There is growing interest in the systematic assessment and international benchmarking of quality of care provided in different healthcare systems, and major work is under way to support this process through the development and validation of quality indicators that can be used internationally.
Efforts under way involve systematic analysis of the suitability of routine datasets for comparing quality of care in different countries, including the development of standard definitions to improve the comparability of national data systems. There is scope to develop indicators which are specifically designed to compare care quality in different systems. The initiatives of greatest relevance to England are probably those seeking to benchmark quality of care and outcomes in European countries.
Recognising that cross-national data comparison remains a challenge, there is now a considerable body of data that allow for comparisons of healthcare quality in selected areas of care. The study includes a description of existing indicators that could be used to compare healthcare quality in different countries, along with a discussion of specific problems in making comparisons at this level of detail. This is illustrated with case studies of two measures widely used for international comparisons: avoidable mortality and cancer survival. These show both the potential power of cross-national comparisons and some of the difficulties in drawing valid interpretations from the data.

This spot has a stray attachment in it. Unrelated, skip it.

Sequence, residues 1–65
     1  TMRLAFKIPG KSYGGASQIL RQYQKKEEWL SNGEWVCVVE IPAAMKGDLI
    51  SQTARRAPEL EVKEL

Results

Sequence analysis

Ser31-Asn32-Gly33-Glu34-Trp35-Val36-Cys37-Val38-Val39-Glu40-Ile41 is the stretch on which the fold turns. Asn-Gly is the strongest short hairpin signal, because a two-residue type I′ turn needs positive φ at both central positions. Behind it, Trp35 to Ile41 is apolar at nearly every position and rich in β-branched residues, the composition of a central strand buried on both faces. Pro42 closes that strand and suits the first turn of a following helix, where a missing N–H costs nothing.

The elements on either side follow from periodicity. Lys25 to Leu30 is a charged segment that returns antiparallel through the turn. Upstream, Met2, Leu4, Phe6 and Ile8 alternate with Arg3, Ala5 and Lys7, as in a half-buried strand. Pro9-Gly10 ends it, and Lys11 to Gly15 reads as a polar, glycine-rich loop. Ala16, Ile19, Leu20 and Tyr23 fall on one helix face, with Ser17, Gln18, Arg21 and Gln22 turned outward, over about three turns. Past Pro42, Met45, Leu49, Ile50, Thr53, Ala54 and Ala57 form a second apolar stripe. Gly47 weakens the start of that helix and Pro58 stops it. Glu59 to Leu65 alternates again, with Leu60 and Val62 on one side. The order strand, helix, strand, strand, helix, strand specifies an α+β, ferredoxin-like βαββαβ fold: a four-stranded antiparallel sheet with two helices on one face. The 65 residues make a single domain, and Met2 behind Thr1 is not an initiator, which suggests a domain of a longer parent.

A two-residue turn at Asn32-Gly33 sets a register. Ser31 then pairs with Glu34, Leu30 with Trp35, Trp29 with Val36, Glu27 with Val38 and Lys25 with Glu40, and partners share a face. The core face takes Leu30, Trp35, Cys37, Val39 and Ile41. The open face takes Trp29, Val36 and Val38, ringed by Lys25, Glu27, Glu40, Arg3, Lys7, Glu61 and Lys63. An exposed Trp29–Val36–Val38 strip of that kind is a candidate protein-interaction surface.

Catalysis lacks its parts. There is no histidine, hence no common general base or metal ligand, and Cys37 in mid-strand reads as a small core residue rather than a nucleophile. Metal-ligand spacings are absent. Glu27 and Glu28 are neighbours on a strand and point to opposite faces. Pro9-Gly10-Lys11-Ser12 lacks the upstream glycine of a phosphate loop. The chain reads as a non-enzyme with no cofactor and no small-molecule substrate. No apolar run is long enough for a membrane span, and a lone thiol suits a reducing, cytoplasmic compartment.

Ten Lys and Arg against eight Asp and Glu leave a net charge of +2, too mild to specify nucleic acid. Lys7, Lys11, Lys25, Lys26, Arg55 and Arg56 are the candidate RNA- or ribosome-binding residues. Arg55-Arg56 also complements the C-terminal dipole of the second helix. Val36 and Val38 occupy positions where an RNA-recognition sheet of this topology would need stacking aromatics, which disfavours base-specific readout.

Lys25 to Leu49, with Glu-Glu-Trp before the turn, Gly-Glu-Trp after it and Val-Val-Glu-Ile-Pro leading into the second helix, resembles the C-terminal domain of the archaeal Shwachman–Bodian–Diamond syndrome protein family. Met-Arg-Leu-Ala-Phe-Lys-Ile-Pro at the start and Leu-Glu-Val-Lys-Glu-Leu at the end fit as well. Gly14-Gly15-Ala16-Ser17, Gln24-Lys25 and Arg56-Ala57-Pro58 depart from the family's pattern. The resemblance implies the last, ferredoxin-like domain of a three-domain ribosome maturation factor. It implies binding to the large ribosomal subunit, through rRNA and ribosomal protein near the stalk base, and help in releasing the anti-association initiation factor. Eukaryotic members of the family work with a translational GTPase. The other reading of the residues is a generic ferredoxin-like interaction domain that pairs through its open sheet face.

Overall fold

The study focuses on the three quality domains identified as important by the NHS Next Stage Review High Quality Care for All, namely effectiveness of care, patient safety and patient experience. It is however important to recognise that access is an important additional component of quality which may be a key determinant of differences in outcome between different countries. Thus comparing quality across countries is only a first step to then assess the causes underlying those differences and determining what actions may be appropriate to take to improve health outcomes.
International benchmarking of quality of care with the NHS has considerable potential to improve patient outcomes in England, but only if research is undertaken to understand the reasons for differences between countries and their possible relevance to England.